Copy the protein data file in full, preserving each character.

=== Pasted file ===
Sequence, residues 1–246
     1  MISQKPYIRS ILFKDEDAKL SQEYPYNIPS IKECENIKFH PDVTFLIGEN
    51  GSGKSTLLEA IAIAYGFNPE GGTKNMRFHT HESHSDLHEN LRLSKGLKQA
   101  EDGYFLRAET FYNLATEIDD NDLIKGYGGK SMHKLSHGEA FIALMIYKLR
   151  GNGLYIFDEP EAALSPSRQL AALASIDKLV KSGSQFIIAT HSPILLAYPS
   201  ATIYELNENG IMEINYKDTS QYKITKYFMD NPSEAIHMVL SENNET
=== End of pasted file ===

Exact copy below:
Sequence, residues 1–246
     1  MISQKPYIRS ILFKDEDAKL SQEYPYNIPS IKECENIKFH PDVTFLIGEN
    51  GSGKSTLLEA IAIAYGFNPE GGTKNMRFHT HESHSDLHEN LRLSKGLKQA
   101  EDGYFLRAET FYNLATEIDD NDLIKGYGGK SMHKLSHGEA FIALMIYKLR
   151  GNGLYIFDEP EAALSPSRQL AALASIDKLV KSGSQFIIAT HSPILLAYPS
   201  ATIYELNENG IMEINYKDTS QYKITKYFMD NPSEAIHMVL SENNET